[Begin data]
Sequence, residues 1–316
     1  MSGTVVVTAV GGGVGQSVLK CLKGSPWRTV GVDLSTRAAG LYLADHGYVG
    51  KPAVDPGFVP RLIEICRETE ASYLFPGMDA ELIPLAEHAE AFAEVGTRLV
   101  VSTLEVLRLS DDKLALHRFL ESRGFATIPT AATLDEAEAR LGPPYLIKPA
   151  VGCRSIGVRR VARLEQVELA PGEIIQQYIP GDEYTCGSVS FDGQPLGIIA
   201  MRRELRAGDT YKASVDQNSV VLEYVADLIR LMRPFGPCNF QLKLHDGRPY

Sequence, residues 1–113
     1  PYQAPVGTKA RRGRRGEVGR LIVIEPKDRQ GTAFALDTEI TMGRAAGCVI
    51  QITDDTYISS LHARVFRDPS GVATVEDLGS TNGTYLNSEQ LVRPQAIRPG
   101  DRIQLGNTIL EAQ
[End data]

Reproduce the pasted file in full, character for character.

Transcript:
Sequence, residues 1–316
     1  MSGTVVVTAV GGGVGQSVLK CLKGSPWRTV GVDLSTRAAG LYLADHGYVG
    51  KPAVDPGFVP RLIEICRETE ASYLFPGMDA ELIPLAEHAE AFAEVGTRLV
   101  VSTLEVLRLS DDKLALHRFL ESRGFATIPT AATLDEAEAR LGPPYLIKPA
   151  VGCRSIGVRR VARLEQVELA PGEIIQQYIP GDEYTCGSVS FDGQPLGIIA
   201  MRRELRAGDT YKASVDQNSV VLEYVADLIR LMRPFGPCNF QLKLHDGRPY

Sequence, residues 1–113
     1  PYQAPVGTKA RRGRRGEVGR LIVIEPKDRQ GTAFALDTEI TMGRAAGCVI
    51  QITDDTYISS LHARVFRDPS GVATVEDLGS TNGTYLNSEQ LVRPQAIRPG
   101  DRIQLGNTIL EAQ